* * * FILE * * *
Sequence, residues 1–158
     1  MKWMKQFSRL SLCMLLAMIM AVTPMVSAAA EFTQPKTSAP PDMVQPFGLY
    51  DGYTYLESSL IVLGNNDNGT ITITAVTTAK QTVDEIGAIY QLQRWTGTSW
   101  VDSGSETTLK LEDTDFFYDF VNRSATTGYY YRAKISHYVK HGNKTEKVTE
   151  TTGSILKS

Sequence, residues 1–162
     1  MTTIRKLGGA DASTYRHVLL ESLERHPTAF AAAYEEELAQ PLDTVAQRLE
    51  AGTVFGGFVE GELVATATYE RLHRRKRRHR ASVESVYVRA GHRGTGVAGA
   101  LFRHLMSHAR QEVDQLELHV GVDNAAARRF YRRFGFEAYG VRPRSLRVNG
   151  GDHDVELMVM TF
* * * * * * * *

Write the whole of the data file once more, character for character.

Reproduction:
Sequence, residues 1–158
     1  MKWMKQFSRL SLCMLLAMIM AVTPMVSAAA EFTQPKTSAP PDMVQPFGLY
    51  DGYTYLESSL IVLGNNDNGT ITITAVTTAK QTVDEIGAIY QLQRWTGTSW
   101  VDSGSETTLK LEDTDFFYDF VNRSATTGYY YRAKISHYVK HGNKTEKVTE
   151  TTGSILKS

Sequence, residues 1–162
     1  MTTIRKLGGA DASTYRHVLL ESLERHPTAF AAAYEEELAQ PLDTVAQRLE
    51  AGTVFGGFVE GELVATATYE RLHRRKRRHR ASVESVYVRA GHRGTGVAGA
   101  LFRHLMSHAR QEVDQLELHV GVDNAAARRF YRRFGFEAYG VRPRSLRVNG
   151  GDHDVELMVM TF